The New York Times bestselling author of The Splendor Before the Dark reveals the untold story of Mary Magdalene—a disciple of Jesus Christ and the most mysterious woman in the Bible.
Was Mary Magdalene a prostitute, a female divinity figure, a church leader, or all of those? Biblical references to her are tantalizingly brief, but we do know that she was the first person to whom the risen Christ appeared—and the one commissioned to tell others the good news, earning her the ancient honorific, “Apostle to the Apostles.”
Today, Mary continues to spark controversy, curiosity, and veneration. In a vivid re-creation of Mary Magdalene's life story, Margaret George convincingly captures this renowned woman's voice as she moves from girlhood to womanhood, becomes part of the circle of disciples, and comes to grips with the divine.
While grounded in biblical scholarship and secular research, Mary, Called Magdalene ultimately transcends both history and fiction to become a “diary of a soul.”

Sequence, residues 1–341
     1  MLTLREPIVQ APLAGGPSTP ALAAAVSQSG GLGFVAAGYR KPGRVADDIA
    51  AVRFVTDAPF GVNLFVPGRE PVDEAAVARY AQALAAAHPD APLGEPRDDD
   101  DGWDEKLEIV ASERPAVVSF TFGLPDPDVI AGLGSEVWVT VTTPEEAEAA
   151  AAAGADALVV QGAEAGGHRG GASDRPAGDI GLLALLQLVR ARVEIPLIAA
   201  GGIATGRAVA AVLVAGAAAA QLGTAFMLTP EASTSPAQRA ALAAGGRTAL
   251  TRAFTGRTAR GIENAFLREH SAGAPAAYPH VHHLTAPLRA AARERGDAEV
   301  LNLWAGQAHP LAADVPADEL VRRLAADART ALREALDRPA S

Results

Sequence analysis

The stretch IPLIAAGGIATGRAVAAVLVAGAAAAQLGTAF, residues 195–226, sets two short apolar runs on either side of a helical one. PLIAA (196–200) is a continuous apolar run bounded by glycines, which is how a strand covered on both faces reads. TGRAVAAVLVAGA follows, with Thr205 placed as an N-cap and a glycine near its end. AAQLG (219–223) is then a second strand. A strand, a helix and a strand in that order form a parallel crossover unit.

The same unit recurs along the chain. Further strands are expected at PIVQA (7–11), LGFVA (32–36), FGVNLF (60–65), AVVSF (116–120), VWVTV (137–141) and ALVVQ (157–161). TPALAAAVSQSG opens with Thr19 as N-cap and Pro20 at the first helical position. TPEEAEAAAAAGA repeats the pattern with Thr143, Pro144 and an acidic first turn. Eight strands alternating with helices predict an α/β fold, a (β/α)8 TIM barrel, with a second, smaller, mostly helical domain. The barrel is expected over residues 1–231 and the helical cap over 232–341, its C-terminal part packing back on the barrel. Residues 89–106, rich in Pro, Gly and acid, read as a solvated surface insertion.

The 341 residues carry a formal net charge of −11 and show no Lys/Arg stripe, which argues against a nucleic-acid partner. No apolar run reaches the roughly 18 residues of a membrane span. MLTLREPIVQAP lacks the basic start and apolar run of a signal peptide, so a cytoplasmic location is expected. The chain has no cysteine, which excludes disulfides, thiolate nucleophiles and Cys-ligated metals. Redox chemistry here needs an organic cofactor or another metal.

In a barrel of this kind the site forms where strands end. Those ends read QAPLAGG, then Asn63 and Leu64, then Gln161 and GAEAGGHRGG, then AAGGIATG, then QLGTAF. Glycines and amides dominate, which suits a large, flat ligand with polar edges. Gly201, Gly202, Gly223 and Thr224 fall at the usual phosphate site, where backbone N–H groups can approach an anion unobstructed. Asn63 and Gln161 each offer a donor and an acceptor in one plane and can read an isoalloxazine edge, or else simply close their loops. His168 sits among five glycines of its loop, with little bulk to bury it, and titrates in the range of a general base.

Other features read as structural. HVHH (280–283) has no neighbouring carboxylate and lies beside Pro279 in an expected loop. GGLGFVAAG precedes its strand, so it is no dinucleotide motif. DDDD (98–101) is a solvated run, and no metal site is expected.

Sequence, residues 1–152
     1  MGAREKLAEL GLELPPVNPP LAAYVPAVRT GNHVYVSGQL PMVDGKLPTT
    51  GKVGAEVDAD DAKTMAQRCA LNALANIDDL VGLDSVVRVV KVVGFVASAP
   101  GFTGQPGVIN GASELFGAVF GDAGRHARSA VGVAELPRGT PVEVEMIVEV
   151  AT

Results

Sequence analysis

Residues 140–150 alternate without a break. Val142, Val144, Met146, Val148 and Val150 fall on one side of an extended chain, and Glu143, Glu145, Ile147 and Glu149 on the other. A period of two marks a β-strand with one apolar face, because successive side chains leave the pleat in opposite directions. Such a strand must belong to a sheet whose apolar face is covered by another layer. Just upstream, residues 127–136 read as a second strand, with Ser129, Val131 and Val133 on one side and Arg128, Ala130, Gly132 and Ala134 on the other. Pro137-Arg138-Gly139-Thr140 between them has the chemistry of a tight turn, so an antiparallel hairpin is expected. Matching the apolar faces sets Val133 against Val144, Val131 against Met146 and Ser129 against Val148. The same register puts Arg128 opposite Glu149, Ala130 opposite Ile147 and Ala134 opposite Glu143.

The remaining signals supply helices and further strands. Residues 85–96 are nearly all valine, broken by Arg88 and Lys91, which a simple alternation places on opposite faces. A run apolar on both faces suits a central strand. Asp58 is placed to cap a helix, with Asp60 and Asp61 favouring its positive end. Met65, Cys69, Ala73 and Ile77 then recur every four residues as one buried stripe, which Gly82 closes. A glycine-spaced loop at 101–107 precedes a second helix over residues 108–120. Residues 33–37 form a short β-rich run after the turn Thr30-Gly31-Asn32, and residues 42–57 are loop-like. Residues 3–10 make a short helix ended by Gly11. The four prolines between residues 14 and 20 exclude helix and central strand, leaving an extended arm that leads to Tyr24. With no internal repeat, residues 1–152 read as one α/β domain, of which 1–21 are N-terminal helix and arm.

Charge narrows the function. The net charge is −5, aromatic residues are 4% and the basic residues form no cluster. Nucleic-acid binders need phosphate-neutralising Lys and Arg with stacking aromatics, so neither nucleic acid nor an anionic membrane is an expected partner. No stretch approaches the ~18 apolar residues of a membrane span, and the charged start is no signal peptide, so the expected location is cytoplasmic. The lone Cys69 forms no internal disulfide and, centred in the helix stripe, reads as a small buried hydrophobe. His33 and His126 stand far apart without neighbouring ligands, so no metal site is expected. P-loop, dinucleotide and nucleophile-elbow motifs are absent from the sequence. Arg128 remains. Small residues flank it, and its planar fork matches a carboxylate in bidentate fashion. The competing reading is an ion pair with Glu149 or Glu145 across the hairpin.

George, whose niche is historical and biographical novels, begins this one ploddingly with suspenseless reportage on Mary Magdalene's pleasant, middle-class childhood in a prosperous fishing village. Scattered references to the idol/demon that will eventually possess Mary are intended as fateful omens, but her slow road to madness gets much less play than her conventional and uninteresting life. The novel improves considerably when Mary finds herself possessed by one demon, and then, helplessly, by six more. Her valiant efforts to first hide her possession and then find a cure are masterfully described. When a prophet named Jesus finally casts out her demons, she celebrates, only to realize that she must make a heartrending choice between following the prophet or going back to her husband, baby and extended family. At this point, George's novel becomes a safe, though readable, retelling of the gospels. Her main deviation from orthodoxy is her insistence that there were 16 disciples 12 men and four women who were equal in Jesus' eyes. Additionally, George emphasizes Mary's prophetic visions and Jesus' celebration of them, and in doing so gives credence to gnostic accounts of mysticism among the disciples. While some may compare this novel with Anita Diamant's The Red Tent, it bears a much stronger resemblance to Walter Wangerin's biographical novel about the apostle Paul. Like Wangerin's work, this imagines nothing seriously objectionable to even the most devout Christians. As such, it lacks the transgressive power of The Red Tent, but is still a well-researched and thought-provoking book.